First the look and then the sound: Creating conversations at preschool circle time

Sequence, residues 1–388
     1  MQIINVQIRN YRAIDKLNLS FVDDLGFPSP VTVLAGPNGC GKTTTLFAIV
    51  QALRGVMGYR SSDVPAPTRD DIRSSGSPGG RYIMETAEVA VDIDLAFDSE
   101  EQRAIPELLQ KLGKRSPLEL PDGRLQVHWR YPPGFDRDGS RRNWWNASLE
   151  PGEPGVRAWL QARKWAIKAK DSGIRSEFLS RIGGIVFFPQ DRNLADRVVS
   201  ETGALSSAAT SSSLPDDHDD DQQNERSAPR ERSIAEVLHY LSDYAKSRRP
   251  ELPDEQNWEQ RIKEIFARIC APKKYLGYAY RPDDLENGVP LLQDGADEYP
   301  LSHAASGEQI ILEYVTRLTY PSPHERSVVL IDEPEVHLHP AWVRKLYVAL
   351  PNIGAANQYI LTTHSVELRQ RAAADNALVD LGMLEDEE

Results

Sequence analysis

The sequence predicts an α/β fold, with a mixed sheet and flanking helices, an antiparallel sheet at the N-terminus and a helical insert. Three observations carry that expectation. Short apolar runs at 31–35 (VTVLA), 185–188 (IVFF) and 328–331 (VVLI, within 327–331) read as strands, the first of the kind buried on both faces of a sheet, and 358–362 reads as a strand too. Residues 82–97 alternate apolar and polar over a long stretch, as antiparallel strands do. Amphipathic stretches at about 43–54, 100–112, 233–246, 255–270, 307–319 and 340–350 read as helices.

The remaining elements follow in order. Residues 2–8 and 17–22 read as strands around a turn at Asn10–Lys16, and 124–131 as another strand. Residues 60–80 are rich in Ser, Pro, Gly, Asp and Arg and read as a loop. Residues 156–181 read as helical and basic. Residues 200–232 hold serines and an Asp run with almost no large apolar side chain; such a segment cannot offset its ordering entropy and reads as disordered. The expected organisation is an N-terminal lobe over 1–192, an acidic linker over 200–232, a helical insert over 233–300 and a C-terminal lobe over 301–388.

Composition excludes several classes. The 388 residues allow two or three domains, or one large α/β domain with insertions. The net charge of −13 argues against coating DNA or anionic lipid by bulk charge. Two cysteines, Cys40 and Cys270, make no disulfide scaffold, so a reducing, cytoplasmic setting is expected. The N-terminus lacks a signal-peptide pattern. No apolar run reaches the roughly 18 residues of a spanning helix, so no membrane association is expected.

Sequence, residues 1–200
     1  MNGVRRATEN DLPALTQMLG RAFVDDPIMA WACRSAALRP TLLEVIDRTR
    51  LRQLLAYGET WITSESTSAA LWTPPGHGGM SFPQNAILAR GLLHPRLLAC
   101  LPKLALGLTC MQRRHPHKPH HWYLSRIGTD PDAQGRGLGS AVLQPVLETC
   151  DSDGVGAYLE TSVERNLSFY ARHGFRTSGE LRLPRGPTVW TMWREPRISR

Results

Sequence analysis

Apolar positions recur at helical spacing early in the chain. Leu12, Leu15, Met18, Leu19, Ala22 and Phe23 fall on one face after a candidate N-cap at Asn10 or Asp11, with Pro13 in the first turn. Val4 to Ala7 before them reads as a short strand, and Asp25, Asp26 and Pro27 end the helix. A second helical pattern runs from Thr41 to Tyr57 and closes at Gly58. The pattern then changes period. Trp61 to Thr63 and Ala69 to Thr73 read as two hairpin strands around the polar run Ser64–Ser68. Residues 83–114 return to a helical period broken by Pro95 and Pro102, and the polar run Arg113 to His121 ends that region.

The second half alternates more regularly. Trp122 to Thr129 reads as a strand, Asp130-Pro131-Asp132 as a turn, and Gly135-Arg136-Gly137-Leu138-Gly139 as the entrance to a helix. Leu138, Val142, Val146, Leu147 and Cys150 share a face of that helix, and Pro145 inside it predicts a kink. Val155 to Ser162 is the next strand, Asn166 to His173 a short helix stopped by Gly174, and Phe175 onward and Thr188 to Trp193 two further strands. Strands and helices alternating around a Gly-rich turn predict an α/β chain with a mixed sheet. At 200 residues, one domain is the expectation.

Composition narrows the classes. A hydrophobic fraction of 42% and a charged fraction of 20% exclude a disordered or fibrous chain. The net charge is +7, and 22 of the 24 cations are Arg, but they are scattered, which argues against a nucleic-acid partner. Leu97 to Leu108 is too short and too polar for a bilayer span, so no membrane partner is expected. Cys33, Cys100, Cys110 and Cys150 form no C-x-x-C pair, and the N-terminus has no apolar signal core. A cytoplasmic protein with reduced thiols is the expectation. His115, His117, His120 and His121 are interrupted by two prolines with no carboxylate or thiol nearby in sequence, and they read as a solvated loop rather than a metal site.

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Becoming a student means learning to interpret and construct the multiple demands for interaction in distinctive classroom events. For an increasing number of children, the preschool provides the setting for the first encounter with these complex and dynamic classroom communicative environments. This article presents an interactional analysis of preschool circle time from an ethnographic perspective. The social participation structure for conducting these events is uncovered using Green's conversational mapping system. Findings suggest that the rules and guidelines, expectations, and roles within the event change over time. The focus of learning within the event, evident in social action rules (Erickson, 1982, Philips, 1972), shifts from the formation of the circle itself to actual collaborative conversation. This shift is interpreted in terms of the children's developing competencies for participating in group conversation. In a final section, a potential peer culture dimension to this event is proposed.